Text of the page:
The use of artificial intelligence in the EU will be regulated by the AI Act, the world’s first comprehensive AI law.
As part of its digital strategy, the EU wants to regulate artificial intelligence (AI) to ensure better conditions for the development and use of this innovative technology. AI can create many benefits, such as better healthcare; safer and cleaner transport; more efficient manufacturing; and cheaper and more sustainable energy.
In April 2021, the European Commission proposed the first EU regulatory framework for AI. It says that AI systems that can be used in different applications are analysed and classified according to the risk they pose to users. The different risk levels will mean more or less regulation. Once approved, these will be the world’s first rules on AI.
Parliament’s priority is to make sure that AI systems used in the EU are safe, transparent, traceable, non-discriminatory and environmentally friendly. AI systems should be overseen by people, rather than by automation, to prevent harmful outcomes. Parliament also wants to establish a technology-neutral, uniform definition for AI that could be applied to future AI systems.
The new rules establish obligations for providers and users depending on the level of risk from artificial intelligence. While many AI systems pose minimal risk, they need to be assessed.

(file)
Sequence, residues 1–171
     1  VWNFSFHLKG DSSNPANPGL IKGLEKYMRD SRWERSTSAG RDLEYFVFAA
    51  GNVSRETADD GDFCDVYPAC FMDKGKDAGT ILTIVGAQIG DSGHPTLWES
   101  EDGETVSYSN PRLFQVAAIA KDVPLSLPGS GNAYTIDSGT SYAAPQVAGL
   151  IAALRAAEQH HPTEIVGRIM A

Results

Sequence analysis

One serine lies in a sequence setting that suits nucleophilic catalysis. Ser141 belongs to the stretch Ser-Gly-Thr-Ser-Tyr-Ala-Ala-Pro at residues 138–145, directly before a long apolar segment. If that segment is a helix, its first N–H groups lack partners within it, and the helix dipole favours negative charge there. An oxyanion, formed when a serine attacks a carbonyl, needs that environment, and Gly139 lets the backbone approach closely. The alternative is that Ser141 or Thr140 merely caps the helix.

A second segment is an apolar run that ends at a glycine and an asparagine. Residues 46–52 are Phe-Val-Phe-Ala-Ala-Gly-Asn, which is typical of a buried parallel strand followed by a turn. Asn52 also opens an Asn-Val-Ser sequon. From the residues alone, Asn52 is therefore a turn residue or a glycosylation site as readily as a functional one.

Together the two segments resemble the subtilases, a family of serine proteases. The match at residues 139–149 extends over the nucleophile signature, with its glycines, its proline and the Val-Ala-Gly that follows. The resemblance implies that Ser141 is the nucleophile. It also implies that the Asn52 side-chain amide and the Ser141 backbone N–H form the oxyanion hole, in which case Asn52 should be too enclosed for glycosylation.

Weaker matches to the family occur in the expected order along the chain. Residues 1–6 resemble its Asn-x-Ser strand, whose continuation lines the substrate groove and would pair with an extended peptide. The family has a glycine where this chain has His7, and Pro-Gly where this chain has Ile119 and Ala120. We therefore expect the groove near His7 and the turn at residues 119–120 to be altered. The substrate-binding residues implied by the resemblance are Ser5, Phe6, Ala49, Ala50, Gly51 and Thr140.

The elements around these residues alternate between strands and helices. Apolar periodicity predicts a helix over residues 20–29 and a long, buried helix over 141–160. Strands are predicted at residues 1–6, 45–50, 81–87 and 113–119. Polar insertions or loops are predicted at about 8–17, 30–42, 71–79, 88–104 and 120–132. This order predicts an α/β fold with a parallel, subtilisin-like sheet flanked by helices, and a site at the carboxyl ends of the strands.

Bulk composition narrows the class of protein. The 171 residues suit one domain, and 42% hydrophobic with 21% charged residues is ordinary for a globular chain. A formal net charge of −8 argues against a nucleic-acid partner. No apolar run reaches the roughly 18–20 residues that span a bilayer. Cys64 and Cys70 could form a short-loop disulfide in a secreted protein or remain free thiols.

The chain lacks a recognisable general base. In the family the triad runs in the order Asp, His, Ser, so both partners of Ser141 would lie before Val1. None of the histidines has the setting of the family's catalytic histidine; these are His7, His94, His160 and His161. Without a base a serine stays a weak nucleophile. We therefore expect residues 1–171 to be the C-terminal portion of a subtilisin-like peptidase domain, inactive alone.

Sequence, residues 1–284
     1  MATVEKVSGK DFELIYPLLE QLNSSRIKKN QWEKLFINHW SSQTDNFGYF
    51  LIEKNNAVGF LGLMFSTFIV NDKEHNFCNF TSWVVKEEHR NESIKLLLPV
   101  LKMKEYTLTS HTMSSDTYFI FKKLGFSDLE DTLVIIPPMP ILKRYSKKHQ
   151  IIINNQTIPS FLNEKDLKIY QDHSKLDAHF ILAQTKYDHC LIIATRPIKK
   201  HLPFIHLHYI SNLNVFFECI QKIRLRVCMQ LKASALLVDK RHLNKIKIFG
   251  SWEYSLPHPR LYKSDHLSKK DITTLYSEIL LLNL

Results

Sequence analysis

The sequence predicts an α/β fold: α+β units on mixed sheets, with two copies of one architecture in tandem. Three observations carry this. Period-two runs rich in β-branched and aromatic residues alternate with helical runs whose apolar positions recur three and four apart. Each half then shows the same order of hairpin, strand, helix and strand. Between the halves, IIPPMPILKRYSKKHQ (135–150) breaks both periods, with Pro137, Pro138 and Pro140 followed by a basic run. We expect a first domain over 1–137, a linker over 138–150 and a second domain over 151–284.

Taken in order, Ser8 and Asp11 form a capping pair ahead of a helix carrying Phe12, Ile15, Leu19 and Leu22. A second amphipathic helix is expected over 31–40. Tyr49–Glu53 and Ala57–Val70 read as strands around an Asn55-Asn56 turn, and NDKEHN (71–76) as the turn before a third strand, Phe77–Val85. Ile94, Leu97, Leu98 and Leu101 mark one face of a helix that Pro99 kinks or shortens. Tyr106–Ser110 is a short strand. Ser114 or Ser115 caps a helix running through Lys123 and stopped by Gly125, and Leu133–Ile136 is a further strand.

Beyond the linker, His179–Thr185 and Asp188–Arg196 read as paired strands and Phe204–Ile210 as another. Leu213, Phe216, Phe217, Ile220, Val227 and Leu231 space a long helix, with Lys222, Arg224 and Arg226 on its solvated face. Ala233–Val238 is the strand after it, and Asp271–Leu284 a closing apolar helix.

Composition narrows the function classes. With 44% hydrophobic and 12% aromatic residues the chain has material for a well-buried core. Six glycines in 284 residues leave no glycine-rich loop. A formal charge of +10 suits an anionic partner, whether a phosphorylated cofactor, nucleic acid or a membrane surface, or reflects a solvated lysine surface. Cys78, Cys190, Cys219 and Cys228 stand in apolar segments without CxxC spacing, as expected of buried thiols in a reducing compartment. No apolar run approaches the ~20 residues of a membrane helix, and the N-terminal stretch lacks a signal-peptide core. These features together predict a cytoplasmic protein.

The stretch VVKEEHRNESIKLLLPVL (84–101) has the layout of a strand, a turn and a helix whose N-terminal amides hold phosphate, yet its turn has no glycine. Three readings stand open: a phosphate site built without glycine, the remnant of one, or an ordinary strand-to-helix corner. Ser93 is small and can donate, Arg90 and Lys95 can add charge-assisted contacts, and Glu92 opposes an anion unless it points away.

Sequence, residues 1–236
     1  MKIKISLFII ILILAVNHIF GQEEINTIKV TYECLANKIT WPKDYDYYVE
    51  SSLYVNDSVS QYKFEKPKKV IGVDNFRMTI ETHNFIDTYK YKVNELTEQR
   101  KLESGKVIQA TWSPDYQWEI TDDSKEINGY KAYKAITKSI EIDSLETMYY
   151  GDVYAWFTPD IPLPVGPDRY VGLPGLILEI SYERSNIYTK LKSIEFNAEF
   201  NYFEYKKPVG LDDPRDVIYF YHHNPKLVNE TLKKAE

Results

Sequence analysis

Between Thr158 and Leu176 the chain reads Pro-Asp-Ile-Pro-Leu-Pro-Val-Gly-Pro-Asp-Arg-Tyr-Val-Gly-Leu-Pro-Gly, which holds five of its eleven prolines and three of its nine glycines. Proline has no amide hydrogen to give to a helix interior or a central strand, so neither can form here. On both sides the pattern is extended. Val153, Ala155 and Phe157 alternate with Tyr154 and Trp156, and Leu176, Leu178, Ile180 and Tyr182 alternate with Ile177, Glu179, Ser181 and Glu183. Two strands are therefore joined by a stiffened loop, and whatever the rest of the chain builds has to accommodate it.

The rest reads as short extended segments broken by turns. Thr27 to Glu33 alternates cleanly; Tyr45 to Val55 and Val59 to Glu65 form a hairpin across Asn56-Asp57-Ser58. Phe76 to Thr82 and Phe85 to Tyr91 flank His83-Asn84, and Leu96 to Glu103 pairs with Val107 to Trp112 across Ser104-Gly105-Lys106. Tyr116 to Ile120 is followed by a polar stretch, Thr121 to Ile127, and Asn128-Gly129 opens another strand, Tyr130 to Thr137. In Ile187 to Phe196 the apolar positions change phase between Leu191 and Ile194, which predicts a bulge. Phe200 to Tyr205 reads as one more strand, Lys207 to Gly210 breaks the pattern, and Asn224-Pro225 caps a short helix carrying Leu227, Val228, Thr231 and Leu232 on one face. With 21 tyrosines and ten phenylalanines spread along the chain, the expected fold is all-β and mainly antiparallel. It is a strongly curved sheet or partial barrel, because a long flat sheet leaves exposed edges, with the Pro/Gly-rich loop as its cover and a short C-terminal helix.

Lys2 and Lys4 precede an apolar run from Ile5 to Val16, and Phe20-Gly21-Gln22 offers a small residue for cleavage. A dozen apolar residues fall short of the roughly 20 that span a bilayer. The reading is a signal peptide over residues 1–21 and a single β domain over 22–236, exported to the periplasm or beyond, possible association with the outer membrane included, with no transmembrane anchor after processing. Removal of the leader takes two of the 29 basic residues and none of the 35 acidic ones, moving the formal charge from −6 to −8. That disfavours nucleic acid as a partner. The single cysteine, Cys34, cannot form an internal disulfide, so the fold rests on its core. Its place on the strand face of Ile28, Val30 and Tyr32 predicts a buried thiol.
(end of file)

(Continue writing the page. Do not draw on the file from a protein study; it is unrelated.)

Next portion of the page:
Unacceptable risk AI systems are systems considered a threat to people and will be banned. They include:
Some exceptions may be allowed: For instance, “post” remote biometric identification systems where identification occurs after a significant delay will be allowed to prosecute serious crimes but only after court approval.
AI systems that negatively affect safety or fundamental rights will be considered high risk and will be divided into two categories:
1) AI systems that are used in products falling under the EU’s product safety legislation. This includes toys, aviation, cars, medical devices and lifts.
2) AI systems falling into eight specific areas that will have to be registered in an EU database:
All high-risk AI systems will be assessed before being put on the market and also throughout their lifecycle.
Generative AI, like ChatGPT, would have to comply with transparency requirements:
Limited risk AI systems should comply with minimal transparency requirements that would allow users to make informed decisions. After interacting with the applications, the user can then decide whether they want to continue using it. Users should be made aware when they are interacting with AI. This includes AI systems that generate or manipulate image, audio or video content, for example deepfakes.
On 14 June 2023, MEPs adopted Parliaments negotiating position on the AI Act. The talks will now begin with EU countries in the Council on the final form of the law. The aim is to reach an agreement by the end of this year.